"Security," Chuck laughed. "The fact that you're even considering the possibility that I could ever love anyone with the all-consuming passion that I do with you, just proves my point. You let me hurt you because you love me that much. And you can never love your Prince the way you love me."
"We've talked about this," Blair answered. "And it doesn't matter."
"It doesn't matter," Chuck said thoughtfully to himself, more for her benefit that anyone else's. Because he was seeing red, and the pain in his chest that he had attributed to her treachery before seemed wholly different now.
Now he was angry.
"Do I amuse you?" Chuck husked dangerously.
When it came down to it, he knew in his bones that Blair Waldorf was his mate. He knew that his head often got in the way but she was acting instinctually towards him the way he did with her.
Because he hadn't realized her body had slammed into the opposite wall until her body stiffened beneath him with the same instinct.
"Answer me," Chuck demanded, pressing harder into her body. "Is this your entertainment for the night? Do you laugh and purr at the thought of me panting and driving myself insane for you? Does it turn you on to know your possession and dominance over me?"
"You hide it well," Blair said with difficulty. Their harsh breaths were mingling and he knew that he wasn't the only one who was thrashing.
He knew that he wasn't the only one. He knew that with a simple look, he could resort her to tears. He knew she was his as much as he was hers. And it wasn't fair how much control they held over each other.
But that was why it was so right to be this close to her again. Her chest was heaving and he knew that her flesh would bear the evidence of his mark the following day and he wanted to feel remorse.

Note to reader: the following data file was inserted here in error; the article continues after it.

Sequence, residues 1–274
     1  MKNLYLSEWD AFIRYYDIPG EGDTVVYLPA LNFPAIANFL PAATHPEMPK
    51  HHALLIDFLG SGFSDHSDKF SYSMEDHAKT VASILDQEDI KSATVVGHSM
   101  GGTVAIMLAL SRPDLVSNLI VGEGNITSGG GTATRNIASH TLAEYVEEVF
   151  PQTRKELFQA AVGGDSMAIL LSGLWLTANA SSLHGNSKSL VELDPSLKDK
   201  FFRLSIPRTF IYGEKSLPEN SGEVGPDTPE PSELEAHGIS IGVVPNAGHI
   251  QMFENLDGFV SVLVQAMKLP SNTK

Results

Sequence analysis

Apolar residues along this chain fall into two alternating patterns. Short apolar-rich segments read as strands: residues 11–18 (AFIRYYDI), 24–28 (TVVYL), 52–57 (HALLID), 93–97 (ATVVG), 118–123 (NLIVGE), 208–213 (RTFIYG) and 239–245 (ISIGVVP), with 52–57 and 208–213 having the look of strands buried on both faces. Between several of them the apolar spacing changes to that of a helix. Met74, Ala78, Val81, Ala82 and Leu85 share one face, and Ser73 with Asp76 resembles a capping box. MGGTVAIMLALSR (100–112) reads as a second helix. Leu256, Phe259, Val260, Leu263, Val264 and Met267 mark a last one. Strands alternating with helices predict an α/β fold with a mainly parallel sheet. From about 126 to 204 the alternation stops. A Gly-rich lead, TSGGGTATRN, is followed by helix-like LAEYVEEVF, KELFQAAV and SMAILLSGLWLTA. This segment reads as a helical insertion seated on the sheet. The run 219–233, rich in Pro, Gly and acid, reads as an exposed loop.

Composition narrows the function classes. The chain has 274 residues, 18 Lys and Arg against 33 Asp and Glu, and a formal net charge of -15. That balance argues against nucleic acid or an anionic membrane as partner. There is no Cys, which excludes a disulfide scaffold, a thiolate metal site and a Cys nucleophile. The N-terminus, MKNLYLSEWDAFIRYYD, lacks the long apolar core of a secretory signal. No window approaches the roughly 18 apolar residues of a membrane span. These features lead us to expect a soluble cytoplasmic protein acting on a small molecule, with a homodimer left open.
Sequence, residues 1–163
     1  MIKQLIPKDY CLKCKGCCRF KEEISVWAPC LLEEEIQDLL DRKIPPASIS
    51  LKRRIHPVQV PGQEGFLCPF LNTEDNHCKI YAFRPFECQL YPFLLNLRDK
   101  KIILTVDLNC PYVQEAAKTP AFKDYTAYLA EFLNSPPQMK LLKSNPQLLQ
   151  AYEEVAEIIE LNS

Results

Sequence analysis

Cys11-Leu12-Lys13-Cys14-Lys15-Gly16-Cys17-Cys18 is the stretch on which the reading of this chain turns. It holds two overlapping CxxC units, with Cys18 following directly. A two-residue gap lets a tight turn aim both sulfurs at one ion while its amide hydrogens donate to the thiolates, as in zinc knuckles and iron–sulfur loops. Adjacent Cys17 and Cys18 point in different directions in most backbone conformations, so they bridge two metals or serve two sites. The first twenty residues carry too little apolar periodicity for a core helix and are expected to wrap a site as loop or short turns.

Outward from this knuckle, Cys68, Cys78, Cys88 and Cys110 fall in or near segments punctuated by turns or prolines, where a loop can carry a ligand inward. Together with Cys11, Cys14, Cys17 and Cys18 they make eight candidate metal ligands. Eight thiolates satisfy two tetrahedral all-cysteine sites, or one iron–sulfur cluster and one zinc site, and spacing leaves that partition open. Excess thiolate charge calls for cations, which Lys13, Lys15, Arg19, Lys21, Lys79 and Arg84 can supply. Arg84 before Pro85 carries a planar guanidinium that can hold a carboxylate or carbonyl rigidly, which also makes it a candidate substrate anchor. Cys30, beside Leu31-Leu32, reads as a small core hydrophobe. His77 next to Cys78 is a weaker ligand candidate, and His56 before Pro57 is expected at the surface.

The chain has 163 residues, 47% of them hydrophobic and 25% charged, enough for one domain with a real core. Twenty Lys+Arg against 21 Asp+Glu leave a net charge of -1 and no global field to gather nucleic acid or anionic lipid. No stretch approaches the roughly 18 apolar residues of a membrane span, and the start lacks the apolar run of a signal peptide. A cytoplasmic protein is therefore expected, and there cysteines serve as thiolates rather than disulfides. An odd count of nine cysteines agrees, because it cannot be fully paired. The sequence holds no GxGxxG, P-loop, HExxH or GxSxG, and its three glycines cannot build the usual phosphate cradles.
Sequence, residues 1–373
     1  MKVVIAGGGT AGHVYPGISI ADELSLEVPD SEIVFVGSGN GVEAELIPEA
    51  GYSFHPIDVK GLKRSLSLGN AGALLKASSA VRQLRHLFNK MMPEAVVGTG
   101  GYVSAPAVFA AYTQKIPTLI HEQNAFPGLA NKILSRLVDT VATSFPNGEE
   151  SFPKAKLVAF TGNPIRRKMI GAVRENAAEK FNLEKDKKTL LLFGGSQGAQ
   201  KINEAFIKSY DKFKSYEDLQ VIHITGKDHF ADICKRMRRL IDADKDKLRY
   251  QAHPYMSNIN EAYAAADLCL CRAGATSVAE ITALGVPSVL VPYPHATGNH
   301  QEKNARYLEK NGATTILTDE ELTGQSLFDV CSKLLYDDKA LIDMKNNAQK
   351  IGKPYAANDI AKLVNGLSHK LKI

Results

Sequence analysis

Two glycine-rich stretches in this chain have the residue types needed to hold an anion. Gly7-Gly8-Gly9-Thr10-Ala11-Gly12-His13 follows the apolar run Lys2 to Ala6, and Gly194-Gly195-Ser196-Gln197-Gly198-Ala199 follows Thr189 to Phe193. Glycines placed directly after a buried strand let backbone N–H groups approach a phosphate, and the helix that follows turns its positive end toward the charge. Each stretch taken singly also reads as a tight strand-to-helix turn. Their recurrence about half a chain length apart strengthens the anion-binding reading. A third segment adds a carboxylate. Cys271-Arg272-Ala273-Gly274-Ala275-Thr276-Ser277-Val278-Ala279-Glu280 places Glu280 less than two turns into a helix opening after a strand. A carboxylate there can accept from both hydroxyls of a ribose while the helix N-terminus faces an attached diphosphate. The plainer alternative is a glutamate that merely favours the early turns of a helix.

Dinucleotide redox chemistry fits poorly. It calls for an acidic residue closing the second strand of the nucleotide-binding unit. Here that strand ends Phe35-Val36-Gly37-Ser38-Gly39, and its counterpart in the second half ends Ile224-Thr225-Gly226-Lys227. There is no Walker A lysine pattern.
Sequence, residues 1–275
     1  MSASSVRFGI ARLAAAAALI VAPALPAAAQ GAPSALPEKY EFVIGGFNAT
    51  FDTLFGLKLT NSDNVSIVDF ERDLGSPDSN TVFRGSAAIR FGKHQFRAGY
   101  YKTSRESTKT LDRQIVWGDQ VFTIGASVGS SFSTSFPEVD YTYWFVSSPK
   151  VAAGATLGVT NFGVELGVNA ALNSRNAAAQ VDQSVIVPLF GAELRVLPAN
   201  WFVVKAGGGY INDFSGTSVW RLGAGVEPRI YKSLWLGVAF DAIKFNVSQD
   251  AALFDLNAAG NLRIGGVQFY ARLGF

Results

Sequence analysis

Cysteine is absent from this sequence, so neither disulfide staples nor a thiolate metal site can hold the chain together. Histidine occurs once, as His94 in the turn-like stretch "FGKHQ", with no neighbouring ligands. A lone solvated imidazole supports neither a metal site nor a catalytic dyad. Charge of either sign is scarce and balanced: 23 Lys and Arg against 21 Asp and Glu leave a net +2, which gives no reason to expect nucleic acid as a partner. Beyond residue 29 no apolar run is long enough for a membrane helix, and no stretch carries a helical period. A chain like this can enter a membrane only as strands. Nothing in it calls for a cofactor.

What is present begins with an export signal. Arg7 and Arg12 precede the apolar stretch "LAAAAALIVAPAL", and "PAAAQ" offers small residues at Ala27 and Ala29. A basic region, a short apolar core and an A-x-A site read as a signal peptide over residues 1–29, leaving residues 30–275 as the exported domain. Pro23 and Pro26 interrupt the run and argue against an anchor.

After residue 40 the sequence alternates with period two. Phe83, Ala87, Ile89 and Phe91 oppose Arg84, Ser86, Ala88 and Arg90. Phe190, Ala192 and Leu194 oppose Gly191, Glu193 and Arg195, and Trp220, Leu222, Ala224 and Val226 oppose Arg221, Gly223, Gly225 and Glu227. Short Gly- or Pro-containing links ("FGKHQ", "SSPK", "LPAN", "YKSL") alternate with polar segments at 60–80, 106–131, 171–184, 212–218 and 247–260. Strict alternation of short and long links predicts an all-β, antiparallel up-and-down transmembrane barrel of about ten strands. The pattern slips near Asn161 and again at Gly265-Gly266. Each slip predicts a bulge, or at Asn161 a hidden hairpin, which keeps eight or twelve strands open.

But anger was making his blood simmer, and by the look in her eyes, he knew the heat of her flesh wasn't due to the temperature.
"You bitch," Chuck said in defensive fury, his fingers tightening around her wrists. "You make me feel for you. You push me away, and then punish me for doing what you asked."
"You make me want to die," Blair spat back.
Usually he would take it is a victory, but her tongue was suddenly down his throat, and her tongue tasted so much like salt, that all he could think of was to kiss her back.
His hands slid down her body to pull her silk-wrapped waist against his, wondering if maybe his dreams were prophetic after all. Her fingers braced against her face, and he relished in the feel of her darkly painted fingernails making crescent shaped marks there.
But his heart dropped as he felt himself being pushed away. Blair wiped her mouth and he didn't know that she was actually crying so much until she spoke.
"That won't ever happen again," she said, her voice choked in the darkness. "I hope you relished it."
Chuck stood there, stunned, watching her walk away for a second time. "You're really going to marry him."
His voice was full of astonishment and he hated how it didn't sound like a hopeful question at all.
She paused, but this time, she didn't turn around.
He made her.
His hand caught her, whirling her around. She looked so pliant and warm as she let him look at her vulnerable face that still must taste like his scotch-coated tongue.
"You know I was going to ask you," Chuck said. "You know there's that diamond laying in my safe and you know that I was going to use it."
"But you never did."
It was the first time he heard remorse on her words, and this time, he felt his weakness overcome him. He felt how he was when he was a teenager. A coward, letting the woman he loved walk away from him, into a red sports car, letting her think that he didn't.
She slipped out of his grasp again, black clinging to her, where white used to be.
"This isn't over," he vowed darkly, "not by a long-shot."
She didn't stop and it gave him hope. Apathy was the opposite of love and she was anything but indifferent to him. She was dark and she was beautiful and he knew her. He knew his neurosis wouldn't let him quit her, just like she had an inability to quit him.
So he sagged against the wall, letting the throbbing and bleeding fragments of his heart cut him to pieces.
He let himself shatter.
You got rats on the west side
Bed bugs uptown
What a mess this town's in tatters I've been shattered
My brain's been battered, splattered all over Manhattan